This is why we pray, why we meditate, why we alter our consciousness: to get closer to our true identity and to realize that fundamental change is possible. To make that change requires those little selves floating out there in space to self destruct under the weight of their false values and internal contradictions. Losing those fragments hurts. Those painful identities don’t seem to actually ‘die’: they become ghosts and haunt our collective consciousness forever and ever. But they don’t have to define me anymore, or crush me under the weight of their unprocessed emotion. I choose to send them to the far corners of the Earth, where they can rattle their chains, moan and lament, and scare the paranormal investigators and urban explorers. For that is where they belong, after all: in the agonized and remote regions of our worst fears.

I will keep moving towards the Light, which we all need to do long before we die.

–Kirsten A. Thorne

Hell: Facing the Shadow

The photo is not about proclaiming the author’s beauty. I picked the grittiest, most unflattering filter I could find. I wanted to show something about me. This is my state of mind these days. I am squinting at reality because I don’t like what I see. It hurts; it’s overwhelming. I am unable to control it, understand it, or manage it any way. It’s happening, and I’m watching it. I’m wondering how to escape it, but knowing all along that you can’t. There is no escape from reality–there is no escape from anything. All you can do is change your perception. Changing a perception requires seeing the world around you–with its tragedies, insanity, cruelty, power struggles, and deep sadness–with different eyes.

I now understand detachment as a survival mechanism. There is a practical reason that Eastern religions promote observing reality rather than reacting to it. If you were to react emotionally to everything that happens to you, to your loved ones, to your community, to the world, you would lose your sanity and any ability to change what is under your control. An example of this is happening right now. Southern California is burning. Houses, neighborhoods, entire cities are vanishing in smoke. A ranch up north lost 40 horses in the blaze. The coyotes are screaming as the flames engulf them. We are surrounded by black, billowing smoke and ash. The world, our world, seems to be dying. At any moment, an ember could drift into my area and start a raging inferno.

My level of anxiety has skyrocketed to the point of paralysis. I now understand why people stand in front of the tsunami or the wildfire and don’t run. There comes a point where you can’t react anymore. The body and mind shut down. You decide to give in and drown. Or burn. Anything but continuing to live like a prisoner of panic and horror. What else can one do besides slowly go insane with the bad news that floods us minute by minute, or abandon ourselves to the abyss? There is only the option that I mentioned above: observe. Take only targeted and specific action. What does it really mean to ‘be the observer’? You must step outside of your mind. You must detach yourself from the spinning thoughts, worries, hypothetical disaster ruminations, and other chaotic maneuvers of the mind.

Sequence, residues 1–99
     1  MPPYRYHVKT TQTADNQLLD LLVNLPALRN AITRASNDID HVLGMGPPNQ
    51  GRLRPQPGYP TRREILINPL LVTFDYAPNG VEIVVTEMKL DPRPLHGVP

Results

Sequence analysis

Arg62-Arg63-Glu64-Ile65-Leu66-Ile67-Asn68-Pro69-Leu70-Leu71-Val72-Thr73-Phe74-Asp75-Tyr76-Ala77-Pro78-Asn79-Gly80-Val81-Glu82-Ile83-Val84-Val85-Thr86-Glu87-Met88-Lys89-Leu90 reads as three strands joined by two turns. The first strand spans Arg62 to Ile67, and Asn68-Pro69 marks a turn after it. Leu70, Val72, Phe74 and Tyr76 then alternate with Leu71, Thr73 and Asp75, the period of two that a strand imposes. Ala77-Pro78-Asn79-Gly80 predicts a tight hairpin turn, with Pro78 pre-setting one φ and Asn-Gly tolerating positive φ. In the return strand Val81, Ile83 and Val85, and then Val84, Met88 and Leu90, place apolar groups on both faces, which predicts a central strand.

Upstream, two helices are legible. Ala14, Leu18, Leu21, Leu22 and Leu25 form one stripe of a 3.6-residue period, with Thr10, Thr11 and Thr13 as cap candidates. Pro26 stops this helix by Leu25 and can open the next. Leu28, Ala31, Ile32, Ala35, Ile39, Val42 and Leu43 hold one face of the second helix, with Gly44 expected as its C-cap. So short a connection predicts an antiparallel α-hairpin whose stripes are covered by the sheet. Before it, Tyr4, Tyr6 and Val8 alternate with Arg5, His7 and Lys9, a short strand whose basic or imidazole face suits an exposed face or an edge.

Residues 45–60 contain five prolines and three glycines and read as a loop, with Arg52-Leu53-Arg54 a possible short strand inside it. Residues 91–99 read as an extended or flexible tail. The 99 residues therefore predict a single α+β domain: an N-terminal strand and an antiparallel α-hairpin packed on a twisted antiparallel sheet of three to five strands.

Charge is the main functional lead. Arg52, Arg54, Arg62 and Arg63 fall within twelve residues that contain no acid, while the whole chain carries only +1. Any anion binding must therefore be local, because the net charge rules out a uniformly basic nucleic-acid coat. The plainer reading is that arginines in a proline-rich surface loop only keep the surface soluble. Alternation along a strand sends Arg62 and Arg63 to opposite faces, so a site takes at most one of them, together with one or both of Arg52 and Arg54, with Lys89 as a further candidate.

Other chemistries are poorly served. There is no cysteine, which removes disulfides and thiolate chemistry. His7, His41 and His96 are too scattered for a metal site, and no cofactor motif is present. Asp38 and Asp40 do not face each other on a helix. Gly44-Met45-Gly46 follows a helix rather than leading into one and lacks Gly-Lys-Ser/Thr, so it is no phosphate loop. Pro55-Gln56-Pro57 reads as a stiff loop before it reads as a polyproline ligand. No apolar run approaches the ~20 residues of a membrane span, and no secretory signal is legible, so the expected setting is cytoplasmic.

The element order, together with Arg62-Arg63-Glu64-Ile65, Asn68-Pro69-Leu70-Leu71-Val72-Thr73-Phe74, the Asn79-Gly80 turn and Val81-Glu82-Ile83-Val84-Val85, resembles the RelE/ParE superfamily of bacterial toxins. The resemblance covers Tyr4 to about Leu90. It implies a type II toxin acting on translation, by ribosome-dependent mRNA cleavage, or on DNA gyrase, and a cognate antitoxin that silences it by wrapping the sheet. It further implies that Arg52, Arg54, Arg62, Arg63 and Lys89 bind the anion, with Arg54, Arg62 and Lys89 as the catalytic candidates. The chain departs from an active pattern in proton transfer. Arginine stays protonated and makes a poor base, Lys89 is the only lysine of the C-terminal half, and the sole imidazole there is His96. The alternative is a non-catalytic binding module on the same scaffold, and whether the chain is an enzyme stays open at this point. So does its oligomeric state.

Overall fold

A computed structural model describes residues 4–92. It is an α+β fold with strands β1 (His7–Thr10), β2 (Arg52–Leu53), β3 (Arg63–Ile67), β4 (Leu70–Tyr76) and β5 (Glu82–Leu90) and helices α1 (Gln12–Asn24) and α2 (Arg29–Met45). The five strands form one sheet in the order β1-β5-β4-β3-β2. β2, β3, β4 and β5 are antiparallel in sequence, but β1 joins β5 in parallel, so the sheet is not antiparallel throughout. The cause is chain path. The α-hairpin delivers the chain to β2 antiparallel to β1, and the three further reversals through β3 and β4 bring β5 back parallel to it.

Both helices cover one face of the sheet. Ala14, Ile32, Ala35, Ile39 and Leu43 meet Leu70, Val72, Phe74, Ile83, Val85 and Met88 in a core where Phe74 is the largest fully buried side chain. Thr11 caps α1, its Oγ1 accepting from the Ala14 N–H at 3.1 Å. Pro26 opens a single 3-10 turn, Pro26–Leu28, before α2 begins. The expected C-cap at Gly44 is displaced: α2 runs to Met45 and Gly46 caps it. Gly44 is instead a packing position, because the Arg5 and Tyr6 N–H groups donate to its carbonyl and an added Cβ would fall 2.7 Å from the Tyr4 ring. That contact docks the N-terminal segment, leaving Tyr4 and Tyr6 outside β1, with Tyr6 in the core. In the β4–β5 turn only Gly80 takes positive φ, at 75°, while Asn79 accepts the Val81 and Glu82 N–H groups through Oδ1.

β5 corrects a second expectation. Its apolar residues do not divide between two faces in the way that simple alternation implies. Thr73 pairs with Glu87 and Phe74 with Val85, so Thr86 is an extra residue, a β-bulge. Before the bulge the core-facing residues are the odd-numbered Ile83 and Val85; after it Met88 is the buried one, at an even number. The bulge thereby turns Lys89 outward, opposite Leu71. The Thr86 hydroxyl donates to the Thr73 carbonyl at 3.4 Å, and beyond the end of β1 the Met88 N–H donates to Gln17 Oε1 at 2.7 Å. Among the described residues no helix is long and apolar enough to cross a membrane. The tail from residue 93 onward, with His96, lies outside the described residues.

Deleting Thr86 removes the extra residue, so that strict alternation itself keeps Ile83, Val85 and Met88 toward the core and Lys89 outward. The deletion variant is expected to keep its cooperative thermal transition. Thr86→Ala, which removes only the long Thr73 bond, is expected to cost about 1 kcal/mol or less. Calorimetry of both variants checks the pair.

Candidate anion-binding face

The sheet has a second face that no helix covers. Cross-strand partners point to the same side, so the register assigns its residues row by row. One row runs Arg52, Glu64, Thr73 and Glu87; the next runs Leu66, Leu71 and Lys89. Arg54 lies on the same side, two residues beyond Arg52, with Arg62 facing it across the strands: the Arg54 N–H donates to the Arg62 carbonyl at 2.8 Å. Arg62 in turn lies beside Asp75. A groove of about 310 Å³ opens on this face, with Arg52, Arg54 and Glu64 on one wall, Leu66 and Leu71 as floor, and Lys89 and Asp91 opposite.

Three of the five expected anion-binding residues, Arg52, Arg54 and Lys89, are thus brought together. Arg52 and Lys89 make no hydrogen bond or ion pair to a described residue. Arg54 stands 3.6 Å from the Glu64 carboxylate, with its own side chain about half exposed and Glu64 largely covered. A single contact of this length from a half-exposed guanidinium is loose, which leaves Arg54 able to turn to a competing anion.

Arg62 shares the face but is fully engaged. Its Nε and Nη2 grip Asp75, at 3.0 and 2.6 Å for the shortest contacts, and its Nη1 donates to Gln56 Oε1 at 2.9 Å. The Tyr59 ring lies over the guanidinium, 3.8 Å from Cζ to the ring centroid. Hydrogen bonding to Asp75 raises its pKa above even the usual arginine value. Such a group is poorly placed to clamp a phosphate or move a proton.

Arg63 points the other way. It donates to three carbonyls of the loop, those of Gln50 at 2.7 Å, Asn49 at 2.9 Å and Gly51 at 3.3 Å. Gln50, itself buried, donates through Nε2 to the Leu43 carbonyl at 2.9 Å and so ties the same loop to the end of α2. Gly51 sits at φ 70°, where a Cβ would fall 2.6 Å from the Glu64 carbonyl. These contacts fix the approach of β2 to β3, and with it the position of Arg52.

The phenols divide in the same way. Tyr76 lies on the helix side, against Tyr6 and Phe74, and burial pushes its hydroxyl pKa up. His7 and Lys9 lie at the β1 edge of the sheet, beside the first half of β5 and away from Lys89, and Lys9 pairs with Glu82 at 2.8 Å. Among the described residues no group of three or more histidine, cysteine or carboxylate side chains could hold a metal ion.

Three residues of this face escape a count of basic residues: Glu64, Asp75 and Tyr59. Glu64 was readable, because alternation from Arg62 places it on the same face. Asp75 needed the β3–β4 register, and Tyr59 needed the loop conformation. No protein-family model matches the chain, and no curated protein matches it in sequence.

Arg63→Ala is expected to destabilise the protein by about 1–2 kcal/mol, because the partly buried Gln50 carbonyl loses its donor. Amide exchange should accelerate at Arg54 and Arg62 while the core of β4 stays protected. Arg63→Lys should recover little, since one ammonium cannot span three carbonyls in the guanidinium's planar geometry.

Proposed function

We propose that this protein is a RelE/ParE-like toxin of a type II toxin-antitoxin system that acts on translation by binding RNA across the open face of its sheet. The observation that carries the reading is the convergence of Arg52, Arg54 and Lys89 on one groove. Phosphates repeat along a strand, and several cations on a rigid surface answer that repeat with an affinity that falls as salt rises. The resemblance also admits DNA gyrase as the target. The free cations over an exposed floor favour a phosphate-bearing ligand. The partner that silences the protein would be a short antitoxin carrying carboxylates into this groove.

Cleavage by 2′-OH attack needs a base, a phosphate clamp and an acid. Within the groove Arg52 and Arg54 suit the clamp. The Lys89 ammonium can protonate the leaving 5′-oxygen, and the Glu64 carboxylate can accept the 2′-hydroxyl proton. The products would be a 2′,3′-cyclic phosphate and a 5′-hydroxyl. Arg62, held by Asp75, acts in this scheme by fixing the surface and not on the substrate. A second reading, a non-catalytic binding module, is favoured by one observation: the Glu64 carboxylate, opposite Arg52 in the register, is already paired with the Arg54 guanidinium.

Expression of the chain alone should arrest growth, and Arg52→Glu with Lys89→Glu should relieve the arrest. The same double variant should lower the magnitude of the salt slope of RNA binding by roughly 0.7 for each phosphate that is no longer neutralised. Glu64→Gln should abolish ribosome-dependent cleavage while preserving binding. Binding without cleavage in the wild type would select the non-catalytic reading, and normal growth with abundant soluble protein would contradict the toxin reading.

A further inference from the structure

This means, of course, that you must understand that you are not your mind. There is an identity separate from the crazy chatterbox that pushes you to misery, depression, and anxiety. The Self that is not a slave to the mind is always there, always available to take over, always silently connected to God, or the creative principle, the One, the Source, or whatever you wish to call it. You have to find that Self and bring her forth and grant her control of reality. How to do that? This is what I did last night that has helped me tremendously to conceptualize the pain my mind subjects me to. I sat on the sofa, closed my eyes, and observed my thoughts, my state of mind.

It wasn’t enjoyable to watch my mind. It conjured up pictures of me burning alive, of my loved ones going up in flames, and my lungs shutting down and filling with smoke. Then I watched as my mind ran through multiple disaster scenarios and played them out. My mind noticed that my Self had detached from it, so it decided to call in the Big Guns: Demons. The pictures of Hell played out across a screen in my consciousness: Satan ripping me to pieces, devils eating me alive, horrifying monsters committing atrocious acts to my body, and animal predators chewing at my skin and muscles. Needless to say, it wasn’t my favorite meditation. However, there seemed to be a purpose. No matter how many scenes of graphic torture my mind put me through, “I” still survived. Kirsten’s essential self was unaffected by any of it. I arrived at the point where I didn’t care what horrors I was subjected to, because none of them destroyed the Observer. I was watching it all, but it was just another bad movie.

The news depends on keeping our minds in a state of total panic and fear. I am not denying the emotional impact of what is actually happening here in Southern California and elsewhere in the world; but what we are subjected to on social media and all over the Internet is far beyond calling our attention to situations that require our intervention or assistance. It’s not about how we can help; it’s about keeping us in a permanent state of alarm. A populace in a constant state of tension will willingly give in to whatever ‘fixes’ the people in power decide to ram through. Fear allows us to look for false solutions, which often are based on finding a scapegoat to absorb our sense of terror and powerlessness.